Yes, I understand. But to me it is both a democracy and a republic. How is it not a democracy? By what definition? Because it is not an Athenian democracy? Because it is not a direct democracy? The USA is a democratic republic, my country is a democratic (constitutional) monarchy. Both are democracies. What is the point of differentiating between a Republic and a Democracy anyway?

                    I understand the concept of federalism. My questions re the Electoral College took that into consideration. Why should more rural states have a relatively bigger say and what is the purpose of the winner-takes-all principle. Surely a change to that would not be incompatible with the federal system of the USA.
                    Two words: Constitutional Amendment

                    Those who oppose the Electoral College can attempt to change it by a Constitutional Amendment.

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                    • #25
                      Originally posted by GB_FXST View Post

                      Two words: Constitutional Amendment

                      Those who oppose the Electoral College can attempt to change it by a Constitutional Amendment.
                      But AFAIK this does not refer to the internal management of the elections within a state, right? Example: Nebraska.

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                      • #26
                        Originally posted by OrangeWolf View Post

                        But AFAIK this does not refer to the internal management of the elections within a state, right? Example: Nebraska.
                        Sure. I referred to a Constitutional Amendment to the US Constitution.

                        We would have to look at state-by-state to determine electoral change in each state. Each state has a constitution, which may or may not define electoral process, and each state constitution can change via a state level constitutional amendment.

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                        • #27
                          Originally posted by OrangeWolf View Post

                          They still have equal size in the senate. I mean purely for the President, who I get is elected by the States but the States are nothing if not a representation of their people, right?

                          For me this has nothing to do with the Democrats vs Repiblicans but out of interest how the system works. Had I lived in the US I wouldn't have voted in these elections, just interested in the system.
                          OrangeWolf the thing is............. these guys in powdered wigs, and shoes that had neither right of left footed shoes.....with no air conditioning, writing with quills and ink made from galls from oak trees, riding in on horses and wagons,.....wrote the US constitution in the hot summer months of 1787 with sweat rolling down their faces.....

                          their aim was to balance 1. democracy (individual rights) and 2. states rights (rights of smaller government = states), as well as north vs south states, considering black slaves and "free men" (not women), land owners and non land owners, etc etc. (every state is completely different in laws and taxes etc)

                          My point is I think they did a pretty fine job of writing the US constitution, Declaration of Independence and Bill of Rights, considering it was 229 years ago, and we are doing pretty damn good if the only upset folks we have are some sore losers in the Hillary Clinton camp, when in fact the HRC camp knew going into the election what the rules were as far as the electoral college. Their organization knew the rules for years before the election, and if Hillary Clinton is in fact as intelligent as she claims to be, she also knew the rules of the Electoral college. Right?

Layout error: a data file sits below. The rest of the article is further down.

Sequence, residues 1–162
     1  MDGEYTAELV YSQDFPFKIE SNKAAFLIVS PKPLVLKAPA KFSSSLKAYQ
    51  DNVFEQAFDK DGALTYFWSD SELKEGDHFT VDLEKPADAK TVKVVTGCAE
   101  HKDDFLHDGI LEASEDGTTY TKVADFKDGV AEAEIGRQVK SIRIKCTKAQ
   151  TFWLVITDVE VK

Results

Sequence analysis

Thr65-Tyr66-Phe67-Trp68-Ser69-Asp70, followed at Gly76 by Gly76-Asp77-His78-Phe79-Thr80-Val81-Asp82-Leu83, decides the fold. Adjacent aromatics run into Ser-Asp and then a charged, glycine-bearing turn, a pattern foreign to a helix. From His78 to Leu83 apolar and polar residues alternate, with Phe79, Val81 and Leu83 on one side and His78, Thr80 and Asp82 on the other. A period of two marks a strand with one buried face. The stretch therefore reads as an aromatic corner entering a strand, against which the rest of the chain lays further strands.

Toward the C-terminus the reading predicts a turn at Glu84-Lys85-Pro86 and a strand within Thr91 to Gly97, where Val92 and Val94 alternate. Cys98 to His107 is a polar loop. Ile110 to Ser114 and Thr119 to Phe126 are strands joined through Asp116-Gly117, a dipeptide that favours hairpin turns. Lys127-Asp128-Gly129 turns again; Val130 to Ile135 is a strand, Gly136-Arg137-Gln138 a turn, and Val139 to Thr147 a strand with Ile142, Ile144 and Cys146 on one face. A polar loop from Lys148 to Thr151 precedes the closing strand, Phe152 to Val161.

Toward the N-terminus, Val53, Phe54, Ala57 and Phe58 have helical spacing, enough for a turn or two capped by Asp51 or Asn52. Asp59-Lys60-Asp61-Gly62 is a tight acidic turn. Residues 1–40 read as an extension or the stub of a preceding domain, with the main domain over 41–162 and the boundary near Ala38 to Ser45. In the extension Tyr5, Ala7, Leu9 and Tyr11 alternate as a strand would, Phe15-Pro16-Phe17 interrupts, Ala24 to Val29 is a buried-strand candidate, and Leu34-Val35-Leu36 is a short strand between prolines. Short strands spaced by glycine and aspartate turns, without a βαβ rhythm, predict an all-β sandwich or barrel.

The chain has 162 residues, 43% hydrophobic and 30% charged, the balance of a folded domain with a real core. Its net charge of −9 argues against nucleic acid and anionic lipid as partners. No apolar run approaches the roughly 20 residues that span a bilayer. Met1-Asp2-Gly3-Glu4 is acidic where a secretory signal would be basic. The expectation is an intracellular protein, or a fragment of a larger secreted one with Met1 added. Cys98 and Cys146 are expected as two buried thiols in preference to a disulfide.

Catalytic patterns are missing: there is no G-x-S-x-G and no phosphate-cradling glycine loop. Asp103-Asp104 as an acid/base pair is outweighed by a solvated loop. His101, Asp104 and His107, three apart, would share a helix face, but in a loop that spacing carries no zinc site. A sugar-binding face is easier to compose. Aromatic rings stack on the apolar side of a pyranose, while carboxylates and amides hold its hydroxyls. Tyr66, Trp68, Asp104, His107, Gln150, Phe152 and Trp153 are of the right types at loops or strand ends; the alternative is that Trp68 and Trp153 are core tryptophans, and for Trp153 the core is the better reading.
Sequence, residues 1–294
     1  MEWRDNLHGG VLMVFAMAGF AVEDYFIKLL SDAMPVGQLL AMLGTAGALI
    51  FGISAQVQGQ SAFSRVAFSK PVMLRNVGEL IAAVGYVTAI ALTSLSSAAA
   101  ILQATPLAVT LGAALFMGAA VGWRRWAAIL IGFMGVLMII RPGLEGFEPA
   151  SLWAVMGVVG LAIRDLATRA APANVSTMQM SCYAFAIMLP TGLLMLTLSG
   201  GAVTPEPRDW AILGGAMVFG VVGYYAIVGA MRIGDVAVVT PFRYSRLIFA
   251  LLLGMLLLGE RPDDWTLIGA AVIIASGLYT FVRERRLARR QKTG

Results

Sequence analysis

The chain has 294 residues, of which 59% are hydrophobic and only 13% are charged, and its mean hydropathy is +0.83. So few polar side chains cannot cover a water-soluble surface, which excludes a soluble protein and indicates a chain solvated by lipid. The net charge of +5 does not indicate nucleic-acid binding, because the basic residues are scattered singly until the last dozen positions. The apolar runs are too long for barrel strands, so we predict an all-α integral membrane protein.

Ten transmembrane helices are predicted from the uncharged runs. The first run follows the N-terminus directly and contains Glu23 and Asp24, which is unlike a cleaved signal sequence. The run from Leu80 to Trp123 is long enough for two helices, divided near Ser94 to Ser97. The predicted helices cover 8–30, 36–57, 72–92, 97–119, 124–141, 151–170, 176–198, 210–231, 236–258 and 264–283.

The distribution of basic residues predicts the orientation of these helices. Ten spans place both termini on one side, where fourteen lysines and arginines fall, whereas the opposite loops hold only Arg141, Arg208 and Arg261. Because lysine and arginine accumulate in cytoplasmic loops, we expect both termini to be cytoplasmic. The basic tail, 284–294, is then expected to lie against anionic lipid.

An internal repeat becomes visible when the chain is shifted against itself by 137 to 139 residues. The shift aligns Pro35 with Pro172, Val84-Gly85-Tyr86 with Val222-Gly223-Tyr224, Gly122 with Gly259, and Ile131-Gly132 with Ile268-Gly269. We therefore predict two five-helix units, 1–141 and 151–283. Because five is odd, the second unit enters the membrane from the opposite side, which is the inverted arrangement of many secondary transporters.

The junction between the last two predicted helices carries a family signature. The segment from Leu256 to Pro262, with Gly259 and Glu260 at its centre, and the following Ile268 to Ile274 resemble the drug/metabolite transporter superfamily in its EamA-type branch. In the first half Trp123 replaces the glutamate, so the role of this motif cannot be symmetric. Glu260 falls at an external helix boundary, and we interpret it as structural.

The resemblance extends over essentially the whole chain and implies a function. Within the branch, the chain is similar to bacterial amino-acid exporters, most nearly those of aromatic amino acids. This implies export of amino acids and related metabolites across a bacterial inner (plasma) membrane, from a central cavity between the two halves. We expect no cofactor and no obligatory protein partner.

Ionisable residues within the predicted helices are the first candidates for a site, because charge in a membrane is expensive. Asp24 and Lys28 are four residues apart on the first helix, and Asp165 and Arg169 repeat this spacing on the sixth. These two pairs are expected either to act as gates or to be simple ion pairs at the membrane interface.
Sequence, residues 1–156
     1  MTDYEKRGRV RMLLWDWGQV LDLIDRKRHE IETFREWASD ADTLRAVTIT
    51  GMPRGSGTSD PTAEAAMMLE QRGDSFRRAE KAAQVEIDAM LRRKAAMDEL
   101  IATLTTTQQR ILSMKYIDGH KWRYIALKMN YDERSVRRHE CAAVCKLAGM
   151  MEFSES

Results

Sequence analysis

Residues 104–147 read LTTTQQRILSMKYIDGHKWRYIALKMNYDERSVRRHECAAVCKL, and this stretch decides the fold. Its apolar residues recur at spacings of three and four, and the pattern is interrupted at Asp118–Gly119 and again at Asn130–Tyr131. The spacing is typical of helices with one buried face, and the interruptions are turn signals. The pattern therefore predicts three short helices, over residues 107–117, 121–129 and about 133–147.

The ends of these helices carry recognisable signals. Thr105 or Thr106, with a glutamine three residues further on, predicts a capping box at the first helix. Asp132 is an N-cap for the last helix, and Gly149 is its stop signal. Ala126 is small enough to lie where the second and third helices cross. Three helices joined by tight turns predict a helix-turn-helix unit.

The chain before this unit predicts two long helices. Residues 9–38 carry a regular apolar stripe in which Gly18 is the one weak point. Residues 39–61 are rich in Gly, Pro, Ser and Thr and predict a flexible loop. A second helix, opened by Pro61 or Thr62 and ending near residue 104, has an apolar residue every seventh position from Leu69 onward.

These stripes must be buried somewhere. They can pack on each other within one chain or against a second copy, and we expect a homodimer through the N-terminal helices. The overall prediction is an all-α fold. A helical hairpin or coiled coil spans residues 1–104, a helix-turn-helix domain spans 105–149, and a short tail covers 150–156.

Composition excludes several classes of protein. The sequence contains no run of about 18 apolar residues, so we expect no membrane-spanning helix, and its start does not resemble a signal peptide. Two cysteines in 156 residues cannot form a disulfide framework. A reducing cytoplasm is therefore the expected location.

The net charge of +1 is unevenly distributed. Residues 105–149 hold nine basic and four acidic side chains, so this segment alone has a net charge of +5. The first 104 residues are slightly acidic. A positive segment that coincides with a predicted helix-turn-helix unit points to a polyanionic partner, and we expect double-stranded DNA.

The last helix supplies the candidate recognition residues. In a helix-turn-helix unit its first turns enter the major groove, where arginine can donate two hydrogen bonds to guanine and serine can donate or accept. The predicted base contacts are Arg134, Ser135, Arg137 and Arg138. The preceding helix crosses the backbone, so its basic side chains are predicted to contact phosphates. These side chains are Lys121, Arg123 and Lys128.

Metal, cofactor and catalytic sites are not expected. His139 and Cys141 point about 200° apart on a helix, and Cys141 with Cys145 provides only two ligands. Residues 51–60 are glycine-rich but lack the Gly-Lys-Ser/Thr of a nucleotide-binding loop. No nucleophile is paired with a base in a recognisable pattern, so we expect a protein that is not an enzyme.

So my question to you is why the hell would the US public desire to change a system that has worked, EXACTLY AS DESIGNED for 229 years, by the men we hold as the fathers of our way of life, and that many thousands of Americans have fought and died for both at home and on battlefields in other countries?

                          If you are just interested in system, that is exactly how the system works, and there are very very few people who want to change it. An amendment is not going to happen on this subject. Ever. As a long time student of history, I can assure you of that.

                          edit: the USA population in 1787 was 3.3 million citizens and now about 320 million. Same legal foundation, about 100% increase in number of citizens.
                          Last edited by commanding; 06-01-2017, 03:02 PM.

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                          • #28

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                            • #29
                              Originally posted by clancy688 View Post
                              Many countries are democratic republics (hell, my own country is one). You're just about the only guys on the planet who say that there's a difference between a democracy and a democratic republic, meaning that a democracy equals direct democracy, and republic doesn't
                              Democracy at the time of the founding of our country was synonymous popularly with "rule by the mob". That's why the word is neither in the Declaration of Independence nor the Constitution. One of the first political parties that became the ancestor of the modern-day Democratic Party were the Democratic-Republicans, led by Thomas Jefferson. The word "Democrat" was a political slur heaped on them by the Federalists led by John Adams and later Alexander Hamilton. Jeffersonians adopted the slur but added "Republican" to the end of it to show "we believe in rule by the people, under the form of a republic.